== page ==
Along the way, my aunt bought many items, mostly for her little boy, so by now our arms were loaded. We spotted a city bus, got on, and headed for Union Station.

The train back to Little Falls was on time and I remember on the way home eating the best brownies I ever had with thick chocolate frosting that we bought at Woolworths’s.

Fast forward to 1998 – 44 years later.

I wanted to go to Branson, Missouri in the worst way! So, after some searching, I found an ad for a trip by rail to Branson. It turned out to really be “the worst way.”

My companion and I reserved a compartment. It had an upper and lower berth. Since my companion had a very sore rotator cuff, I had to climb into the upper berth. Not easy for a 67-year-old woman.

The train, a diesel, was very noisy and every time a freight train was due, we were sidetracked. This happened day and night.

I must admit, the food was first-class, and the drinks were generous.

When we arrived at Branson, we were met by a bus which took us to our hotel. Accommodations were lovely. Every night when we returned from a show, we were served hot fruit cobblers. One night they were cold because the bus driver got lost and drove around in circles. That was a late night.

I remember going to an Andy Williams show. Ann Margaret opened for him – she came on stage riding a motorcycle. The real “Moon River” was a little stream outside of the theater.

My First and Last Train Rides By Ann Eysaman Schuyler

Having had a heart procedure before going to Branson, I had a persistent cough, so I had to leave a couple of shows because I didn’t want to annoy anyone. Once on the train, a lady offered me cough drops. It was so noisy I was surprised she could hear me. The floor under one seat we had was broken and we could see the tracks and hear the wheels on the rails as we sped along.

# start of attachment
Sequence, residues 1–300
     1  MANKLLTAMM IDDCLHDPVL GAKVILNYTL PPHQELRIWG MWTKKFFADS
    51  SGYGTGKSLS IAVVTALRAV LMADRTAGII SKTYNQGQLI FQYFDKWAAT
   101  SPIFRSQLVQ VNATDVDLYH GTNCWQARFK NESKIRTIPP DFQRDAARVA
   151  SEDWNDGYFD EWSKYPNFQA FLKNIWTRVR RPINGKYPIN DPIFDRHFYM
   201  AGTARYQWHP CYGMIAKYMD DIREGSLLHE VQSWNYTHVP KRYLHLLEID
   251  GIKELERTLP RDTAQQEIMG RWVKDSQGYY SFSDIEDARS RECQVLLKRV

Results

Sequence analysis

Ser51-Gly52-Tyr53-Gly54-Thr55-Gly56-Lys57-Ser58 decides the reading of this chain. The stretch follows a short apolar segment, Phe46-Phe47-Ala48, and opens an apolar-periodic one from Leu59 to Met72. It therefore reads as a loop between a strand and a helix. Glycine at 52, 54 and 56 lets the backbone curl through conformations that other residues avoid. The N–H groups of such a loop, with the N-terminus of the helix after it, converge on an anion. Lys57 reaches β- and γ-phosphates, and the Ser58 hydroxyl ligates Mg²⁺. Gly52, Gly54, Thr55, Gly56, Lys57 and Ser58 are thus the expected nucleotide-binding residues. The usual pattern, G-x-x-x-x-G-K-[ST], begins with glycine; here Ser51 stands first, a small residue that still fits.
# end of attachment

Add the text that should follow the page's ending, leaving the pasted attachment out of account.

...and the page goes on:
Approaching Utica, from where we departed, was the best feeling.

We had met a couple from Schenectady and all four of us agreed we would never take a long train trip again.

I know I never did and only traveled long distances by car, plane, or cruise ship.

Interested in how this got started? Ann became a pen-pal with a museum volunteer after she rejoined the LF Historical Society several years ago. In one of the exchanges, a commemorative stamp depicting train stations in the US was used. This commemorative series featured many historic train stations and the one on our envelope to Ann looked very much like the former Little Falls train station. It was noted in the letter and the question was asked to Ann if she had any memories of train travel. Ann is 91 years old, and the next letter arrived with her beautifully printed essay, accompanied by the note, “You asked for it!”

Thank you, Ann!

Ann Schuyler is a member of the Little Falls Historical Society and the Salisbury Historical Society, where she volunteered in years past. She has also written articles and was a volunteer for the Salisbury Historical Society newsletter.

Little Falls Station, Clinton Park, Industries 1898